Category Archives: Tommy Lipuma

Tommy LiPuma (1936-2017): The Soulful,Funky Producer With The Blue Thumb

Tommy LiPuma

Tommy LiPuma is a record producer who represents something similar to what Quincy Jones,David Rubinson and Arif Mardin meant to me. That is if I saw their names on the production credits,there was the instant impression that funk,soul and/or jazziness would be deeply involved with said album. He was the  first person to produce The O’Jays in the year 1965. This helped them get their first R&B Top 40 hit in “Lipstick Traces”. The Ohio native was was so diverse, he even produced a single for the late Ricardo Montalban called “La Campanilla” two years later. He would go on to found the Blue Thumb label in 1968.

Much as with Quincy Jones, LiPuma consistently championed the black American music spectrum in his production choices. An ill child who discovered R&B and jazz through long hours listening to the radio,LiPuma took up saxophone when he went to barber school intending to follow his father’s footsteps. With the music bug never leaving the man,he began moving up the musical ladder to become one of the most renowned jazz/soul/funk producers of the 60’s,70’s and 80’s.  The best way I feel to pay tribute to him is create a list of my favorite album productions he did for you to check out. Let the exploring begin!


Michael Franks-The Art Of Tea/1975

Al Jarreau-Glow/1976

George Benson-Breezin’ & In Flight/1976

Stuff/1976

Al Jarreau-Look To The Rainbow/1977

Deodato-Love Islands/1978

Michael Franks-Burchfield Nines/1978

George Benson-Livin’ Inside Your Love/1979

Yellowjackets/1981

Randy Crawford-Secret Combination/1981

Randy Crawford-Windsong/1982

Yellowjackets-Samurai Samba/1985

Patti Austin-Gettin’ Away With Murder/1985

Miles Davis-Tutu/1986

Joe Sample-Spellbound/1989

Miles Davis-Amandla/1989

Joe Sample-Ashes To Ashes/1990

George Benson-Standing Together/1998

 

 

 

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Anatomy of THE Groove: “Nature Boy” by George Benson (1977)-Vocal

George Benson’s vocal style always reminded me a great deal of a higher pitched Donny Hathaway,with just a touch of Stevie Wonder’s melisma for good measure. His vocal tone had such a general strumming quality,his technique of scatting with his guitar became a signature technique. So it was no surprise for me to find out that Benson was in fact someone who knew personally. And they had a musical connection with Phil Upchurch as Benson later covered Hathaway’s “The Ghetto”. Also important is that Benson had always sang AND played throughout his career-long before his 70’s commercial peak. So he is very accessible to appreciate on a purely vocal level as well as instrumental.

In 1976 Benson had a humongous bit of luck with his album Breezin’-produced by Tommy Lipuma and featuring the Bobby Womack penned title hit and his iconic cover of the Leon Russell ballad “This Masquerade”. Also being his debut for Warner Bros. records,Benson was now firmly positioned as a singer/musician who’d have a strong ear as an interpreter. Especially with his back round as a viruosic jazz guitar improviser. His second Warner Bros. release came out in 1977 and was called In Flight. It featured the same lineup of musicians as it predecessor. My personal favorite song from this album is a version of the Nat King Cole standard “Nature Boy”.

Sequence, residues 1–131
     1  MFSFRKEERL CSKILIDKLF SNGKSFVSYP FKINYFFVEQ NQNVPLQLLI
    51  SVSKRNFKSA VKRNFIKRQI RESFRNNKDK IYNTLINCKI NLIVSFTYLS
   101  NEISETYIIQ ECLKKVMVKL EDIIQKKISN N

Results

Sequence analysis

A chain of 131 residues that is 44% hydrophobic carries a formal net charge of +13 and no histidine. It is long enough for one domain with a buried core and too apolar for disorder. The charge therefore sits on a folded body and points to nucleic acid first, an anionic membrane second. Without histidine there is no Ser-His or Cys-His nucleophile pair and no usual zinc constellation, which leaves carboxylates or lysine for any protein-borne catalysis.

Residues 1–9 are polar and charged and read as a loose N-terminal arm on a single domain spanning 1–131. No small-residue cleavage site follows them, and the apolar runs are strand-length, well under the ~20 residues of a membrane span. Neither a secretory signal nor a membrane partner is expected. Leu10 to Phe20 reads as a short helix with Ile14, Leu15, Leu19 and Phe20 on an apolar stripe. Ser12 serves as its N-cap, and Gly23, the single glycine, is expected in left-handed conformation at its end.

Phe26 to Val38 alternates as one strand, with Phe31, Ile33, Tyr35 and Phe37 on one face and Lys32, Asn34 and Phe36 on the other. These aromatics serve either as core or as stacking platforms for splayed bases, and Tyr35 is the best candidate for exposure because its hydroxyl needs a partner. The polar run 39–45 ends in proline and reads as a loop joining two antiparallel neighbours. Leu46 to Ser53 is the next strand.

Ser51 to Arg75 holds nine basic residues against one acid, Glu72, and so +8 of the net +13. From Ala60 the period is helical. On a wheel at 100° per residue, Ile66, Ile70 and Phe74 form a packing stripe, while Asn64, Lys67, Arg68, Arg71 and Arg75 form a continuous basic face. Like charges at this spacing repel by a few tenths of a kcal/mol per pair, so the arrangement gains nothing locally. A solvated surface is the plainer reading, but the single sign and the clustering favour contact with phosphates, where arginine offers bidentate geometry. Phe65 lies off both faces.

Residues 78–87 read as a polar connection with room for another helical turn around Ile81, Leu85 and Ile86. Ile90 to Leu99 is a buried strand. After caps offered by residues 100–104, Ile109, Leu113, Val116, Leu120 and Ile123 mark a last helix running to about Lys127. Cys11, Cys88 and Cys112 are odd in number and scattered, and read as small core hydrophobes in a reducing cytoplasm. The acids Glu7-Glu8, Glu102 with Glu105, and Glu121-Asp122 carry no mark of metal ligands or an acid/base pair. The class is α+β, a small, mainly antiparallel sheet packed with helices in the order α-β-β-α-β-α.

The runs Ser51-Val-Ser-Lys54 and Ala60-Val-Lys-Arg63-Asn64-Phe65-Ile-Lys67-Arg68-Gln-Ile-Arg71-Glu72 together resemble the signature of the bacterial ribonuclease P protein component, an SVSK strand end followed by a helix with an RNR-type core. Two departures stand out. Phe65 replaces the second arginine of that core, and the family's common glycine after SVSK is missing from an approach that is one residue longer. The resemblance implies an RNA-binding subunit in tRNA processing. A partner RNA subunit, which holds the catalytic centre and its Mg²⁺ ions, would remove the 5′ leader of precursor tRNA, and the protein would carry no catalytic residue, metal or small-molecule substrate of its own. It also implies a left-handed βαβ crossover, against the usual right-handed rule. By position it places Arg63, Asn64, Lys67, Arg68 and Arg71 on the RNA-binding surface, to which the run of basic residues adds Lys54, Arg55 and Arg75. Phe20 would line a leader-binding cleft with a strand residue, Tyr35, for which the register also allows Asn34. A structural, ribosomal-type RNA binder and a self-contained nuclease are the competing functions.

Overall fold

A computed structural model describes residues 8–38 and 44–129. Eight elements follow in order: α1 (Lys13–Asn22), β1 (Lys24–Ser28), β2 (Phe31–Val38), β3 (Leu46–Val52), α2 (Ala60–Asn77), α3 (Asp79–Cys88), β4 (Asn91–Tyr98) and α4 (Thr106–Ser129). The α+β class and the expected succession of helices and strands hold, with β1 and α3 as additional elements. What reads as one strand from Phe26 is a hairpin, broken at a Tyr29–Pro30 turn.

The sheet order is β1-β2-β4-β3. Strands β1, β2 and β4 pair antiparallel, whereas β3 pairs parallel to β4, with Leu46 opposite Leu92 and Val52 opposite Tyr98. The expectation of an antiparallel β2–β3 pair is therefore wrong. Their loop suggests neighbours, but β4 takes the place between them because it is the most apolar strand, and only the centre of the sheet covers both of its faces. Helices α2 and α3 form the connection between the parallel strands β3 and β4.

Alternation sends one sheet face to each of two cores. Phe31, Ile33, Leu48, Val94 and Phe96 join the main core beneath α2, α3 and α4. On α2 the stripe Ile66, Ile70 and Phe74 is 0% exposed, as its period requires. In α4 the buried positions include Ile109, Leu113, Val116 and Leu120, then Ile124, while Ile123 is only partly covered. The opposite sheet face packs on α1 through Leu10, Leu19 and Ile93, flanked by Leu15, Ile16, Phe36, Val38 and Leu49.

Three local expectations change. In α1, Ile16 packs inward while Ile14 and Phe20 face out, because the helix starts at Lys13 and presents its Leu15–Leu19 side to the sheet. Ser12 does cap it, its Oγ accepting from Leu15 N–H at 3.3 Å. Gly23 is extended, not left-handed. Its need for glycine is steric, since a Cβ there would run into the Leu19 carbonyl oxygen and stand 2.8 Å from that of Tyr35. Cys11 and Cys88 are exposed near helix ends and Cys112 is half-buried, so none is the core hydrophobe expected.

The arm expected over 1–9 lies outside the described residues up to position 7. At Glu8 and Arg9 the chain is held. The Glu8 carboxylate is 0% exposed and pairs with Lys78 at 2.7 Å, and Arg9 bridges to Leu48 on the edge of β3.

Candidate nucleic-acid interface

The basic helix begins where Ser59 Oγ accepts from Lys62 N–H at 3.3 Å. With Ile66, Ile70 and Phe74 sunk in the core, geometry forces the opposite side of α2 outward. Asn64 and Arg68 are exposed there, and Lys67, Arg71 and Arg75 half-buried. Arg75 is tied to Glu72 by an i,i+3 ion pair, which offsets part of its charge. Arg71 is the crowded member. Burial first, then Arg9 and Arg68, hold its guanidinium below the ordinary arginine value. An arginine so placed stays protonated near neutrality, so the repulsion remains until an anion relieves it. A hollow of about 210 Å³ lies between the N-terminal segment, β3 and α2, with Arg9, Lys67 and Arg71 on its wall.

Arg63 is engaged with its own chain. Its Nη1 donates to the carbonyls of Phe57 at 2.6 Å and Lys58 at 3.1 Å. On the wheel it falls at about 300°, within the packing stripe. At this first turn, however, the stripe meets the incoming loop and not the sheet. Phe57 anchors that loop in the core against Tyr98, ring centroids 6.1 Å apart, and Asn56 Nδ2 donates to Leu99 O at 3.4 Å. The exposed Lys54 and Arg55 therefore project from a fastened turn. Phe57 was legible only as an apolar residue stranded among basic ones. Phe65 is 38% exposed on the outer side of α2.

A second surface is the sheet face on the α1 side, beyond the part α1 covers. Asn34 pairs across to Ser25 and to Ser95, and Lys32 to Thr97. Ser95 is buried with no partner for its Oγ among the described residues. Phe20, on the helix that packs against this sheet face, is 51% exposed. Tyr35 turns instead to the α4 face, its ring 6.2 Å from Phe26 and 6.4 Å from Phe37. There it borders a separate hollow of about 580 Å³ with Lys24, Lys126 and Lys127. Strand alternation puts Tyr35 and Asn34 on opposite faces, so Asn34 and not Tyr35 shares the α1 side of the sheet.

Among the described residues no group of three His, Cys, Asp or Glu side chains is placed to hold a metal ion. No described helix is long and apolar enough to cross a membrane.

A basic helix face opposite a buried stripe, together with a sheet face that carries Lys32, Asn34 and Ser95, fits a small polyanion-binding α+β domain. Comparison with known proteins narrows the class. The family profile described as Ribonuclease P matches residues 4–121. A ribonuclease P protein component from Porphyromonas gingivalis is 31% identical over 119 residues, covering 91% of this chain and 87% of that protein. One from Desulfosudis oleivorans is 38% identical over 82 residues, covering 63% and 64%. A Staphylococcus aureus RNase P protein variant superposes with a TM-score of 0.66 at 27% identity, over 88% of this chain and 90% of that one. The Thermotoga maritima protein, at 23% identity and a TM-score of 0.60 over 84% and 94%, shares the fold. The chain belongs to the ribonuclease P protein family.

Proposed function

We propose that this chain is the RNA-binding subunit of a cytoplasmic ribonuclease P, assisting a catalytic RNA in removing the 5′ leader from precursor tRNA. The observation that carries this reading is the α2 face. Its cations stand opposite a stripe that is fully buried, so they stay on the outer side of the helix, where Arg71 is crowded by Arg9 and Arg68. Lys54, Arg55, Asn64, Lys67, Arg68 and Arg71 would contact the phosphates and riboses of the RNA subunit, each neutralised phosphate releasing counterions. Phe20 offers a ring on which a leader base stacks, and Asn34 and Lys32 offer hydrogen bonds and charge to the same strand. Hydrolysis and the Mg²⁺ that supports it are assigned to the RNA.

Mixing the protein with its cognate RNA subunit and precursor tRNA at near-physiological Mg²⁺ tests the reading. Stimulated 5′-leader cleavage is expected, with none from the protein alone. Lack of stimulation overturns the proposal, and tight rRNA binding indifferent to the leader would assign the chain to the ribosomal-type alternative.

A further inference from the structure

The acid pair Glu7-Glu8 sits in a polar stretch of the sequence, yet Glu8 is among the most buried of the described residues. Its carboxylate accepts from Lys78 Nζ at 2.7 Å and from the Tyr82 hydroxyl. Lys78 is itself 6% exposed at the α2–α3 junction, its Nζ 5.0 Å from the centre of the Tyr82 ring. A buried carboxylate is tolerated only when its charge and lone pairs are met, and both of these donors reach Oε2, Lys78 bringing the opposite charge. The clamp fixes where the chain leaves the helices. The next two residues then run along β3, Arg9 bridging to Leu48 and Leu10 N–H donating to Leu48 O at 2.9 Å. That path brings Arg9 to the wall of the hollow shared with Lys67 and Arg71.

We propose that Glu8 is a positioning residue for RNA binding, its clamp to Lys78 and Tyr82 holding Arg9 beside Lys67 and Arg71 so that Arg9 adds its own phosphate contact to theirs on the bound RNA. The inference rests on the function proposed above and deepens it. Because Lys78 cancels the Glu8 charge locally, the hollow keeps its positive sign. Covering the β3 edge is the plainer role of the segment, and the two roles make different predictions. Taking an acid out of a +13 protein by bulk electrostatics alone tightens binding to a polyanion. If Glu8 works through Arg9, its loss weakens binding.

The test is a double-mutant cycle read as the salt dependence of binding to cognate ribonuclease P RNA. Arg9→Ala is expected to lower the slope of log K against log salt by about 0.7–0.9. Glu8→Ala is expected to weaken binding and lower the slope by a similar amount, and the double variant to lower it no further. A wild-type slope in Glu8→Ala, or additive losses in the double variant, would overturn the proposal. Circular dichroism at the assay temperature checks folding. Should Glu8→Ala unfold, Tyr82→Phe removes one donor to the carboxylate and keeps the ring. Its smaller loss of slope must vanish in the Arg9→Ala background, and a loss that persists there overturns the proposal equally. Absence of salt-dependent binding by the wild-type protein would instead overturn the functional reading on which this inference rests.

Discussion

Cinematic strings sweep through the beginning of the song. These strings literally segue into Harvey Mason’s drums clipping along at roughly 96 bpm along with Stanley Banks’s two note popping bass,while Jorge Dalto’s Clavinet drives right in the groove along with it. Ralph McDonald’s percussion takes that rhythmic stroll along the way as Ronnie Foster’s electric piano plays along with bell like beauty. This basic groove is the musical atmosphere of the entire song-with the strings moving to the forefront for every other chorus. Benson’s lead vocal carries the first half of the song. On the final minute or two, the melodic focus is on Benson’s guitar/scatting hybrid technique he is so well known for.

When I first heard this,I had no idea Nat Cole wrote  it. Benson sings the original melody very faithfully. At the same time,his timing along with the slow crawling, percussive romantic funk called to mind Marvin Gaye’s musical sound of the same period. Gaye had already done a version of this song in 1965. His interpretation was very close to the original. What Benson bought to the song vocally was not only a more modern gospel/soul flavor,but also that more contemporary Brazilian style jazz/funk instrumental atmosphere. It did an excellent job showcasing the evolution of black American music and to me represents an important milestone for George Benson the singer.

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Filed under 1970's, bass guitar, clavinet, drums, electric piano, George Benson, Harvey Mason, jazz funk, Jorge Dalto, Marvin Gaye, Nat King Cole, percussion, Phil Upchurch, Ralph McDonald, rhythm guitar, Ronnie Foster, Stanley Banks, strings, Tommy Lipuma, Uncategorized, Warner Bros.